This church below is the saddest of the three. Bombed in WWII, the remains are left standing as a memorial and reminder of what happened.
At the end of the day, Emma’s parents drove Janelle and I to Wilmslow, England where we were to stay with my friend, Nicola. It was about a 45-minute drive, during which I experienced the famous ‘scouse’ accent thanks to Emma’s parents. ‘Scouse’ is the unique Liverpool accent, and boy is it heavy. There were sometimes I barely understood what they were saying at all and Emma had to translate. I think accents are so cool.
When we got to Wilmslow, Nicola and her boyfriend, Darren, took us out to dinner at a popular English bar called Weatherspoons. After dinner, we took it easy since Janelle and I were pretty pooped from our touring that day throughout Chester and Liverpool. I had a shower and we watched the TV show, ‘Balls of Steel.’ I was really excited about this because I am a big fan of ‘Neg’s Urban Sports,’ a segment of this show, which my friends and I discovered on YouTube about a year ago. To my luck, Neg ended up winning that night, and it just made the show even better. One of my favorite Neg clips.
The next morning, Nicola made us “real English bacon.” She wanted to show me how good bacon could be after eating the dry, hard bacon we were served at the camp where we met. I’ll give her credit; “real English bacon” is delicious.
After breakfast, we went into town. The first thing we did was go to the post office to ship Janelle’s computer- she had been trying to do that since we arrived in Scotland almost a week earlier. Why didn’t she just send it from Italy where we live you ask? Because when she tried, they handed her a paper manila envelope to mail her laptop in and offered no insurance. And people think I’m full of it when I say not to trust the Italian postal service…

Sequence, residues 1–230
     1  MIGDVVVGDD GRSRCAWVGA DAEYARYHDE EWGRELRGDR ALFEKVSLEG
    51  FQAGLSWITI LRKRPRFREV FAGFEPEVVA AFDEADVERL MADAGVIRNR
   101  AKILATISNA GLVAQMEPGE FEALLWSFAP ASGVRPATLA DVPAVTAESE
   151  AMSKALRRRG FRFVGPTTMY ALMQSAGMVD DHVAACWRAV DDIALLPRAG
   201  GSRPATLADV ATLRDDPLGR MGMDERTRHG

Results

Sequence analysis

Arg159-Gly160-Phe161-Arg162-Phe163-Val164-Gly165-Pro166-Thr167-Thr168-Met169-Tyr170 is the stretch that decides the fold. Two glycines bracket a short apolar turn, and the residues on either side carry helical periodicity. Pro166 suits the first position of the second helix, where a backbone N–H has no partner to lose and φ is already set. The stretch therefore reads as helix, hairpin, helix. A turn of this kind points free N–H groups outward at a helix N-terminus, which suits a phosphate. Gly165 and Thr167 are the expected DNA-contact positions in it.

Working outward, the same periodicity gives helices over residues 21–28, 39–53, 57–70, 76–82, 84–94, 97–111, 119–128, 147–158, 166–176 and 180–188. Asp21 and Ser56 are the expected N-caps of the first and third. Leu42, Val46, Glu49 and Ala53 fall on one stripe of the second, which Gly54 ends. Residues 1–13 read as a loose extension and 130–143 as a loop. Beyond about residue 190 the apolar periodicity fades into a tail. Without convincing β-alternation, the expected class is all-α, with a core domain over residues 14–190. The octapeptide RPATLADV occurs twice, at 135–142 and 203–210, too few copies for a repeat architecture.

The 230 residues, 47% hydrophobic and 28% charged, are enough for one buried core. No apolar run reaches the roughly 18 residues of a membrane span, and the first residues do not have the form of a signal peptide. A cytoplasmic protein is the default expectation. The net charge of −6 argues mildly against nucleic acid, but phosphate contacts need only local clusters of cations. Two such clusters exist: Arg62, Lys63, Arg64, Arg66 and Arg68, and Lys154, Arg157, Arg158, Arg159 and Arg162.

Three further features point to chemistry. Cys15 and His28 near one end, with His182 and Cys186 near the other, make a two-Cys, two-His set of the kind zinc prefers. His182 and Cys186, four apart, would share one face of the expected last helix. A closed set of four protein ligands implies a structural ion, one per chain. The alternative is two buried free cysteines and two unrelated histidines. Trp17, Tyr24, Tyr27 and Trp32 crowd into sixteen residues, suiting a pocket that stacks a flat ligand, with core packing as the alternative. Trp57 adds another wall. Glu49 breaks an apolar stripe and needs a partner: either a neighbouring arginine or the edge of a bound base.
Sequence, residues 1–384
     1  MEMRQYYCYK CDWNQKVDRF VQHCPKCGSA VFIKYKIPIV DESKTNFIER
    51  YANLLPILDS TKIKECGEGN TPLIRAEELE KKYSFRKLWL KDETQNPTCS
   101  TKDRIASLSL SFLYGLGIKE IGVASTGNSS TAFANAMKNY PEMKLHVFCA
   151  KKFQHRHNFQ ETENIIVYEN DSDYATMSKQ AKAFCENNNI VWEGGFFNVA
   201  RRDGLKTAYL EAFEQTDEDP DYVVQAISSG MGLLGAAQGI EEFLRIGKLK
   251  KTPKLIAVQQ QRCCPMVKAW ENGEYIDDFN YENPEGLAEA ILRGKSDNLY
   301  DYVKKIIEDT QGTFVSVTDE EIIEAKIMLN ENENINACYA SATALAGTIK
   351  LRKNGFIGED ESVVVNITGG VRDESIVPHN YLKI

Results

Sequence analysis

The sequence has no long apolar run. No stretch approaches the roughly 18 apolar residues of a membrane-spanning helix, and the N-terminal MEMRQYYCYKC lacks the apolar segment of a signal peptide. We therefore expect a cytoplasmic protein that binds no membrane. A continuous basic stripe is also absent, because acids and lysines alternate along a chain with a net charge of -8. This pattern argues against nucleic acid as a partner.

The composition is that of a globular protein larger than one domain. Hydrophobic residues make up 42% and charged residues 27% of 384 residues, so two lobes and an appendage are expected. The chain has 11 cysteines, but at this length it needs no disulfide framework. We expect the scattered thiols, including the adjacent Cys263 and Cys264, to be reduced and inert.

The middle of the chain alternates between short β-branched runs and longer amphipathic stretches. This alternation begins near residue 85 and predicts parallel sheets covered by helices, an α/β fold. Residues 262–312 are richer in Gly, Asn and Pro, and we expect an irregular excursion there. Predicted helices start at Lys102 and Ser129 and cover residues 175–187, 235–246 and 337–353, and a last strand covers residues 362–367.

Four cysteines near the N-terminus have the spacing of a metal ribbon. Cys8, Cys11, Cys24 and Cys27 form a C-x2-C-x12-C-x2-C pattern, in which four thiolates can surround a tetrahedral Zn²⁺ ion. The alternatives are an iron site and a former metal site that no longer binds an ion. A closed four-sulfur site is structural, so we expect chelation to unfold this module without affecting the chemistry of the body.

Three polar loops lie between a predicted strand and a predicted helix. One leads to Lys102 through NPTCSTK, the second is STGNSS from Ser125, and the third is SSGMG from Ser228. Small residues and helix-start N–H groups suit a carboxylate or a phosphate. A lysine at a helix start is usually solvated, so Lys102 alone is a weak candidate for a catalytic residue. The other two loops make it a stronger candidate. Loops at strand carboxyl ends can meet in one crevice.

Once her computer was dropped off, we started touring Manchester. One of our first stops was Skytop- this oddly shaped building that we had actually passed on our way to Chester. It was funny because from the bus, Janelle and I took pictures of how strange this building was, and now we had the chance to go in it!
We also took some time to do a little shopping. Nicola took us to Primark, a store on par with Walmart or Target in the US minus the groceries. It was lots and lots of clothes at cheap prices. Nicola said it was great for this, but at the same time you end up seeing a lot of people wearing the same clothes as you. This didn’t stop me or Janelle though- since there are no Primarks at home or in Italy, we had no risk of seeing our purchases on other people, so we played out the stereotypical shopping girls and took full advantage of where we were. This of course was speaking too soon, for as we exited the store, bags in hand, I took a moment to think about how much I liked this shirt I saw a woman wearing; it was only about 2 seconds before I realized I had that same shirt in my bag of purchases.
For lunch I had pasties– another British meal I could cross off my list of things to try while in the UK. While good, I think I still enjoy my mother’s homemade Cornish pasties more, but this could just be my own Cornwall-ancestry pride coming out. Nah, hers are better, complete with potatoes and vegetables 🙂
The rest of the afternoon we spent at the Museum of Science and Industry. It was really cool- we saw lots of old planes and trains, and a bit of Manchester history which included its history of sewage systems:
On our way back to her apartment, we passed by Castlefield, a small group of the bases of ancient Roman houses. While barely there, they were there, after 1,000 years of who knows what. It’s interesting to think of all the things these ruins could have seen in that time.
That evening, we met up with Emma and her dad again and drove to the Liverpool airport where we were to fly to Dublin that evening. The flight was only 40 minutes; by the time we had finished ascending, we were already descending. It was the shortest flight I had ever been on, but thankfully it only cost me 8 euros. God, I love Ryanair.
Within an hour of taking off, we had our bags and were out the door of the airport and our Dublin adventure began.